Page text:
Team leaders are leaders as well as managers

Team members working virtually and in person

Team leaders are leaders as well as managers

Team members working virtually and in person

Team leaders today occupy vital and complex roles within organizations. They deserve recognition, respect, and support commensurate with their responsibilities, starting with the label we assign to this role.

At Better Still, we have a name for individuals who are charged with overseeing the work of intact or project teams, and ensuring successful team results. We call them team leaders.

We don’t call them managers. Why?

Language matters. In our experience, “team leader” more accurately encompasses the complexities and dynamism that this critical role entails, especially today. In addition, the term suggests that such a person embodies, fractal-like, the larger leadership agenda within the whole organization.

Yet team leaders also pursue responsibilities of more traditional daily management, so it’s worth examining the whole realm that these crucial individuals inhabit.

 

Leadership vs. management

In 2001, Harvard Business School professor John Kotter published what would become one of the top 50 articles to appear in Harvard Business Review. “What Leaders Really Do” made this distinction between leadership and management:

“Management is about coping with complexity,” Kotter wrote. “…Without good management, complex enterprises tend to become chaotic in ways that threaten their very existence. Good management brings a degree of order and consistency to key dimensions like the quality and profitability of products.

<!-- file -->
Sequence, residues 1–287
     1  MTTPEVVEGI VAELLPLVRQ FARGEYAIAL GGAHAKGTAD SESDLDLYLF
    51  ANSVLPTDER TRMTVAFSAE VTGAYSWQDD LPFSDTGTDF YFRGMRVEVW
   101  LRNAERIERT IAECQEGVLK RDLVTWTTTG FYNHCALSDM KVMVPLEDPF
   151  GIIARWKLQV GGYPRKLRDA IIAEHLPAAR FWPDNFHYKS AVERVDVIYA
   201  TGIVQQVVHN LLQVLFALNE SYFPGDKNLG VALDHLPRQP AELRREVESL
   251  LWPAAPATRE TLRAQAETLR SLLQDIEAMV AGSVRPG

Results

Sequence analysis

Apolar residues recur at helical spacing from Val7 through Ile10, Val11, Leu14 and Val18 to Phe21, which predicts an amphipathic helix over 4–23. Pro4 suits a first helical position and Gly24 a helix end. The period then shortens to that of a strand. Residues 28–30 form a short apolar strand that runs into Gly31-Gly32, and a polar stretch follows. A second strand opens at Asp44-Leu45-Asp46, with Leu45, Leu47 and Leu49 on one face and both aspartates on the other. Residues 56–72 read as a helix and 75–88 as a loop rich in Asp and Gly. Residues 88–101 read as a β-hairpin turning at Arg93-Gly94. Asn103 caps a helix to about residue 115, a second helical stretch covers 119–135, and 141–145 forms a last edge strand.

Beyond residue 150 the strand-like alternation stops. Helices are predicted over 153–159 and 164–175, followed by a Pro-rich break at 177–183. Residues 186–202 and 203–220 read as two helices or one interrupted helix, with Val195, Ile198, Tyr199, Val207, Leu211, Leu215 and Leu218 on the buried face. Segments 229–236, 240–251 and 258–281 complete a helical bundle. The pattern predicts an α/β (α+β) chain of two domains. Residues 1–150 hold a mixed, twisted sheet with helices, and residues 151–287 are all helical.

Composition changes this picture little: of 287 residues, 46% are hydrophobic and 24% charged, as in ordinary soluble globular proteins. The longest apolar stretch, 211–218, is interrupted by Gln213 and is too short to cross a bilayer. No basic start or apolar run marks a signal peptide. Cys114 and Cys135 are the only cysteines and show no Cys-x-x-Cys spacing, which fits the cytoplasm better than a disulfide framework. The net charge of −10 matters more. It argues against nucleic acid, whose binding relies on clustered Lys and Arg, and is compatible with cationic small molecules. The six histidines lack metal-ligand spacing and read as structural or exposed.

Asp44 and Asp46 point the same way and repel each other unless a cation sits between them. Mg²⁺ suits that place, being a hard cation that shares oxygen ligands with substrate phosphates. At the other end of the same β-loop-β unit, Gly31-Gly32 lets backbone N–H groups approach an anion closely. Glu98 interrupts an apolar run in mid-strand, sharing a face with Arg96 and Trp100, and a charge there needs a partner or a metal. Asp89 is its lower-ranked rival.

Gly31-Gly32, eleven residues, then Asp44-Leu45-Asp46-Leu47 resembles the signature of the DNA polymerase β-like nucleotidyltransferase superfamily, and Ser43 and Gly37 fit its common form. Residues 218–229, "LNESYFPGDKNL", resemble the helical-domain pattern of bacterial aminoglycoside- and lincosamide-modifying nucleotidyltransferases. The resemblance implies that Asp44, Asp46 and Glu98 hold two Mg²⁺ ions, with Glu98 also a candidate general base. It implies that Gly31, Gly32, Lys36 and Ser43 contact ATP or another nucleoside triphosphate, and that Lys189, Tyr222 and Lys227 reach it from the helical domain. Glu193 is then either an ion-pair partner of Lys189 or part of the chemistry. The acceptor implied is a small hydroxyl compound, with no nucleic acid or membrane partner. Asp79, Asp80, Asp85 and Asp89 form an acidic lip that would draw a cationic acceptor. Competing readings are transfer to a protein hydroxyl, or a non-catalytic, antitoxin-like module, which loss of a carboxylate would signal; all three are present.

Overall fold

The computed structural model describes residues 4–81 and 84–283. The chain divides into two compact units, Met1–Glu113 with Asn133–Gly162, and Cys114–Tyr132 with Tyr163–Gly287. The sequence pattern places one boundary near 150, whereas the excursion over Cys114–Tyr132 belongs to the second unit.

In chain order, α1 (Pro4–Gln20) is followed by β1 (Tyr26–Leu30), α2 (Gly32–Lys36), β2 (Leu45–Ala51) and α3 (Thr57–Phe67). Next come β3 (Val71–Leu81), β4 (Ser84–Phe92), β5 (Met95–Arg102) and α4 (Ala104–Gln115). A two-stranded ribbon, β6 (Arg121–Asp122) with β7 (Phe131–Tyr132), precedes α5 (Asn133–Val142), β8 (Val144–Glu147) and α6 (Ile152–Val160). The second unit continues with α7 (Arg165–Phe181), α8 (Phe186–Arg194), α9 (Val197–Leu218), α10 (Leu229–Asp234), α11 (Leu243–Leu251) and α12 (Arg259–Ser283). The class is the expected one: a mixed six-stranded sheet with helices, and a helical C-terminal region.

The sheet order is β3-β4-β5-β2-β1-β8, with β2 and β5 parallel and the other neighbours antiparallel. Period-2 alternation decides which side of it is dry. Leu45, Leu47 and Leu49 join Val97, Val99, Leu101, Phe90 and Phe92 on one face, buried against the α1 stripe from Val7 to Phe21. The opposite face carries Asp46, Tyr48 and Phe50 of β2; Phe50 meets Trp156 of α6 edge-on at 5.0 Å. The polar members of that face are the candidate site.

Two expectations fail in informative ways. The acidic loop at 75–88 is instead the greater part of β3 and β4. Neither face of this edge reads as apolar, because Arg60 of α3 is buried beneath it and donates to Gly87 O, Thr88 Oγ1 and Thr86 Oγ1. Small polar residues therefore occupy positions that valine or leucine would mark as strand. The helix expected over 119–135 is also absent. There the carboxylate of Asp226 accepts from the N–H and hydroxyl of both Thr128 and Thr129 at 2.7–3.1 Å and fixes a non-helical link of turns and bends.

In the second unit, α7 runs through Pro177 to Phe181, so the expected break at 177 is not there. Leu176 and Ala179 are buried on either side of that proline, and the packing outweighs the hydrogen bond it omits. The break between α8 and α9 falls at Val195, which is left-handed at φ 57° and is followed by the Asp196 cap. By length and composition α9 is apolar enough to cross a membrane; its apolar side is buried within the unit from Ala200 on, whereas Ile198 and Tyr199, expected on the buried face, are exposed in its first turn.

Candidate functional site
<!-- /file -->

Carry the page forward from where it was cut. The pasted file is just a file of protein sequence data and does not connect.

“Leadership, by contrast, is about coping with change. Part of the reason it has become so important in recent years is that the business world has become more competitive and more volatile … Major changes are more and more necessary to survive and compete effectively in this new environment. More change always demands more leadership.”1

Kotter specifies the distinctions further. Managing complexity—the manager’s domain—happens through planning and budgeting; organizing and staffing; and controlling and problem-solving. By contrast, leaders emphasize setting a direction; aligning people; and motivating and inspiring.  

A generation after Kotter’s article, do the distinctions hold? And how does the role of the team leader manifest today?

 

The invigorating and demanding world of the team leader

Few would doubt that organizational work is more complex, faster paced, and more competitive than it was in 2001. Change also happens more quickly and more often. This is true at the organizational level, and in turn shapes the expectations and work of those who oversee individual teams.

Team leaders, in fact, run entities that are microcosms of the organization at large. Whether a team is an intact, permanent departmental work group or a temporary project team, team leaders must:

  • Set an overall direction and purpose for the team that inspires and motivates team contributors.
  • Create a hospitable environment for team members to do their best work individually and together.
  • Champion the team and team members within the labyrinth of organizational politics so they have the resources to do their jobs and achieve their goals.
  • Establish and sustain standards of excellence.
  • Coordinate and assign work in a way that engages people and delivers outstanding results.
  • Provide appropriate performance pressure so the team meets deadlines and achieves quality objectives.
  • Integrate the team’s work into the larger portfolio of organization efforts.
  • Manage key administrative duties, from budgeting to staffing to performance management.
  • Navigate changes—organizational changes, staffing changes, customer changes, market changes—that directly or indirectly alter the work of the team.